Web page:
<RowDefinition Height="Auto" />
            <RowDefinition Height="Auto" />
            <RowDefinition Height="Auto" />
        </Grid.RowDefinitions>
         <controls:Viewbox Grid.Row="0" Grid.Column="0" Height="120" Width="120">
            <Image Source="Winter.jpg" Height="40" Width="40"></Image>
        </controls:Viewbox>
    </Grid>

Drag and drop another ViewBox and then an Image control in between the second <controls:ViewBox> and </controls:ViewBox> tag.

Modify the XAML as shown below:

    <Grid x:Name="LayoutRoot" Background="White" Height="300" Width="300">
        <Grid.ColumnDefinitions>
            <ColumnDefinition Width="200" />
        </Grid.ColumnDefinitions>
        <Grid.RowDefinitions>
            <RowDefinition Height="Auto" />
            <RowDefinition Height="Auto" />
            <RowDefinition Height="Auto" />
        </Grid.RowDefinitions>
         <controls:Viewbox Grid.Row="0" Grid.Column="0" Height="120" Width="120">
            <Image Source="Winter.jpg" Height="40" Width="40"></Image>
        </controls:Viewbox>
<controls:Viewbox Grid.Row="1" Grid.Column="0" Height="70" Width="90">
    <Image Source="Winter.jpg" Height="40" Width="40"></Image></controls:Viewbox
    </Grid>

Save the solution, build and execute it. When you see the output, you will observe that the two images show no distortion whatsoever though their height and width are not the same. This has happened because of the ViewBox.



European Silverlight 5 Hosting - Amsterdam :: Telerik RadCoverFlow in SilverLight 5

clock December 20, 2013 06:18 by author Patrick

Today, in this article let's play around with another interesting concept of Telerik RadControls.

What is RadCoverFlow?
In simple terms "It enables to provide a rich GUI interface which navigates through a group of images.".

Step 1: The complete code of MainPage.xaml looks like this:

<UserControl x:Class="RadCoverApplication.MainPage"xmlns="http://schemas.microsoft.com/winfx/2006/xaml/presentation" xmlns:x="http://schemas.microsoft.com/winfx/2006/xaml"xmlns:d="http://schemas.microsoft.com/expression/blend/2008" xmlns:mc="http://schemas.openxmlformats.org/markup-compatibility/2006"xmlns:telerik="http://schemas.telerik.com/2008/xaml/presentation"mc:Ignorable="d" d:DesignWidth="640" d:DesignHeight="480">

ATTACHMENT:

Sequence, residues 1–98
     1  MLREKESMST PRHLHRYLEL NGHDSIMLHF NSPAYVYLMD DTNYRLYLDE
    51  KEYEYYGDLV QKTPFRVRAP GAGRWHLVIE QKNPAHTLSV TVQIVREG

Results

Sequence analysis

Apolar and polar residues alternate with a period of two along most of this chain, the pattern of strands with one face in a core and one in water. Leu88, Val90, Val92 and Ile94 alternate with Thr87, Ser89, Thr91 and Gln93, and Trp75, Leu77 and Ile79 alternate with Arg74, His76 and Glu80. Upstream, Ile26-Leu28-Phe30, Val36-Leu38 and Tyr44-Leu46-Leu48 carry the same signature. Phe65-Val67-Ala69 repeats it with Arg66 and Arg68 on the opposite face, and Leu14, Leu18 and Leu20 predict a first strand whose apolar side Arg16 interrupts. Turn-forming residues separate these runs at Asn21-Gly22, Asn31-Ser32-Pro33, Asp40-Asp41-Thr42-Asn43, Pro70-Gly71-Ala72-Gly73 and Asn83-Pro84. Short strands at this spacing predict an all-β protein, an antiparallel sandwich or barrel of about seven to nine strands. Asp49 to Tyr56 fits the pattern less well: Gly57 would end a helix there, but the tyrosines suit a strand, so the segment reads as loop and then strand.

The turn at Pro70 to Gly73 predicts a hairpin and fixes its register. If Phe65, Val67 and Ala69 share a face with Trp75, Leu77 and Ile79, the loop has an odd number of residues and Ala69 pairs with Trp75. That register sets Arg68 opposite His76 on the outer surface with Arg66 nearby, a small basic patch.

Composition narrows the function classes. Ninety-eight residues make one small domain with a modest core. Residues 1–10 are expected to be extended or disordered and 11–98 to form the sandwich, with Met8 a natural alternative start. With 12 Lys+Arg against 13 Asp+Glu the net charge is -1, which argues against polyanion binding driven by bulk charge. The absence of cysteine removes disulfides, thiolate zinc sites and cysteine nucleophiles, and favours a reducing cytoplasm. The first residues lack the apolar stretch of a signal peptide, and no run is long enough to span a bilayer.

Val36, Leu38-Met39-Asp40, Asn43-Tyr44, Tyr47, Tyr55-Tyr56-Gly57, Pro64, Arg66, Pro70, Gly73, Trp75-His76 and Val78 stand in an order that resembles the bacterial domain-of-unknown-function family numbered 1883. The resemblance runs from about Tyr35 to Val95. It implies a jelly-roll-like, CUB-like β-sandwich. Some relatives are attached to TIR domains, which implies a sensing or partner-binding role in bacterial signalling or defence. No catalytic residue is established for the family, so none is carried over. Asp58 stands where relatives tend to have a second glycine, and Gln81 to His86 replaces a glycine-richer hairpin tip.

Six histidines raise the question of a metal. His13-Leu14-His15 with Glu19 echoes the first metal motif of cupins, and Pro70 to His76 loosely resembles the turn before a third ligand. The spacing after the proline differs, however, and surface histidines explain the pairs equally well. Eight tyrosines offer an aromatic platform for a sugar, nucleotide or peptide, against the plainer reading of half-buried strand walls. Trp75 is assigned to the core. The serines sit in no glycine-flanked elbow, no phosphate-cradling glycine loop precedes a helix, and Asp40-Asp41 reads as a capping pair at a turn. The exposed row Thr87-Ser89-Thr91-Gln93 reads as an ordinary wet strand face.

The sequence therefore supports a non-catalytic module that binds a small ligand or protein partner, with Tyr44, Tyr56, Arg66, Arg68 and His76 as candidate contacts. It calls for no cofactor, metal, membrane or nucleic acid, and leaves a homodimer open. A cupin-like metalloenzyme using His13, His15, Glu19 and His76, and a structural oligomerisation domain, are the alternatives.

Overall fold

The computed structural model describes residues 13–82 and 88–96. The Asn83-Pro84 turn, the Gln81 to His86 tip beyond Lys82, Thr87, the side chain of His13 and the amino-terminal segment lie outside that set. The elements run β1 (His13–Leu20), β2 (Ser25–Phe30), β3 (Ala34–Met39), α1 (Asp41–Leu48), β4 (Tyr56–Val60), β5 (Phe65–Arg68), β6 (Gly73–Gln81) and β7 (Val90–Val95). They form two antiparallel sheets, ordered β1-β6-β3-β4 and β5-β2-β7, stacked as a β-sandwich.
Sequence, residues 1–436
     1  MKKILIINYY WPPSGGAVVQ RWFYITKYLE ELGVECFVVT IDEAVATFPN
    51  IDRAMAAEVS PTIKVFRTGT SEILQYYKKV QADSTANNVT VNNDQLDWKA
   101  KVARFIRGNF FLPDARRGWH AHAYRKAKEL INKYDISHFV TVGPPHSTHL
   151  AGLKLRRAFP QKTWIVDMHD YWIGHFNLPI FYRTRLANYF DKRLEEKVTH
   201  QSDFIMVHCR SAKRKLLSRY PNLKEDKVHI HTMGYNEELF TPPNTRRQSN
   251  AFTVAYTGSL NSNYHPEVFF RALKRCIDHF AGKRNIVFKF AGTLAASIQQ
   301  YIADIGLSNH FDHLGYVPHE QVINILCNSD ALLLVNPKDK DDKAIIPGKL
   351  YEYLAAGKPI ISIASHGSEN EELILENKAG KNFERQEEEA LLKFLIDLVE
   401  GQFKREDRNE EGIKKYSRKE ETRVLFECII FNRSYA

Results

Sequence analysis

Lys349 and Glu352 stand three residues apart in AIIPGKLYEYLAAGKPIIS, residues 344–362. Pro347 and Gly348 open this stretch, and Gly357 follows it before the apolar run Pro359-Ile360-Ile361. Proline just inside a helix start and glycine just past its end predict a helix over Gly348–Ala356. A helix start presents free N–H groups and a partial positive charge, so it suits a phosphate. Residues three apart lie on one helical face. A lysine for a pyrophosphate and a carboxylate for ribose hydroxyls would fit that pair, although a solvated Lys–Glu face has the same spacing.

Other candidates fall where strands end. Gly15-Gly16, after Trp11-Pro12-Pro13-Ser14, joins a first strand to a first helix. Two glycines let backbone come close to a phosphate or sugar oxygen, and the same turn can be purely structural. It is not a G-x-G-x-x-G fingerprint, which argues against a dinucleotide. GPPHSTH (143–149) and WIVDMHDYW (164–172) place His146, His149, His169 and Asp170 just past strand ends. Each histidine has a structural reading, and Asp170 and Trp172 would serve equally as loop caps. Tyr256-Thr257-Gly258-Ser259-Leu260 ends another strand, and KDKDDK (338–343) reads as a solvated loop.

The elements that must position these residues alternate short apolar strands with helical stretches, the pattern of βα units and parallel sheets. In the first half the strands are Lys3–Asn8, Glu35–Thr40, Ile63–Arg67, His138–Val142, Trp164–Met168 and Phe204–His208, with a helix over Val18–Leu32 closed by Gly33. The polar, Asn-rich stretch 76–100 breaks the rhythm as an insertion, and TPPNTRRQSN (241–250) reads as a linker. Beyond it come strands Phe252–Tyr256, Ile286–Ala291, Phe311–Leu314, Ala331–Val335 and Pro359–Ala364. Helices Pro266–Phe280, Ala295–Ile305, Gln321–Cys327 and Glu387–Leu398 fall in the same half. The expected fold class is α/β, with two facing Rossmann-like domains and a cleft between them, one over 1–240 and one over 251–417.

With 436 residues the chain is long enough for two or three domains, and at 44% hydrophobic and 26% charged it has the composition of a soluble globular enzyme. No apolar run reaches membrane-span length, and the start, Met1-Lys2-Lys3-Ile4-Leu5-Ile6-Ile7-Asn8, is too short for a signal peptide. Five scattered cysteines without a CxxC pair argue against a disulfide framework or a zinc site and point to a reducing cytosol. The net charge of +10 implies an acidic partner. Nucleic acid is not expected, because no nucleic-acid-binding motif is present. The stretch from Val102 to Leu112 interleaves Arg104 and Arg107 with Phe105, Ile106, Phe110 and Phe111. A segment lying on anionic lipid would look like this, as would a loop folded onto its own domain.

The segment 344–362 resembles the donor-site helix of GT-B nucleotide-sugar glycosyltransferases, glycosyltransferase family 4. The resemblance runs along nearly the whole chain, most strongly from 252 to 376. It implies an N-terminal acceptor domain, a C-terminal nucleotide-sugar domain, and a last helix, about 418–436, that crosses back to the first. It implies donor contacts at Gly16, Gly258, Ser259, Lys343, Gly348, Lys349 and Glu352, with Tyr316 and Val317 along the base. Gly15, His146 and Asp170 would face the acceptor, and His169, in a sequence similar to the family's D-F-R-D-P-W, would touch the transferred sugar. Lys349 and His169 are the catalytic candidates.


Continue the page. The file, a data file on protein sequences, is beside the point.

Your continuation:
<Grid x:Name="LayoutRoot">
        <telerik:RadCoverFlow Margin="126,12,108,61" Name="radCoverFlow1" OffsetX="0"OffsetY="40"CameraViewpoint="Top"DistanceBetweenItems="20"DistanceFromSelectedItem="5"
RotationY="56"IsReflectionEnabled="True"ItemScale="0.60">
            <Image Source="pics/e6e22af6f3224593a6c658b3d3f7a1fd.jpg"  Width="400" Height="120"></Image>
            <Image Source="pics/Microsoft-.NET-logo-white.png"  Width="400" Height="120"></Image>
            <Image Source="pics/microsoft-windows-8.jpg" Width="400" Height="120"></Image>
            <Image Source="pics/microsoft (1).jpg"  Width="400" Height="120"></Image>
            <Image Source="pics/Microsoft.jpg"  Width="400" Height="120"></Image>
        </telerik:RadCoverFlow>
    </Grid>
</UserControl>


Step 2: The complete code of MainPage.xaml.cs looks like this:

using System;
using System.Collections.Generic;
using System.Linq;
using System.Net;
using System.Windows;
using System.Windows.Controls;
using System.Windows.Documents;
using System.Windows.Input;
using System.Windows.Media;
using System.Windows.Media.Animation;
using System.Windows.Shapes;
namespace RadCoverApplication
{
    public partial class MainPage : UserControl
    {
        public MainPage()
        {
            InitializeComponent();
        }
    }
}

Step 3: The output of the application looks like this:

Step 4: The output of the left moved pics application looks like this:

Step 5: The output of the right moved pics application looks like this:

Hope this article is useful!



European Silverlight 5 Hosting - Amsterdam :: Working with the Slider Control in Silverlight 5

clock December 12, 2013 09:32 by author Patrick

The Slider control in Silverlight 5 is used to allow a user to select from a range of values by sliding it along a track. You can create a horizontal or vertical slider. You can specify the range of values and the precision of movement too.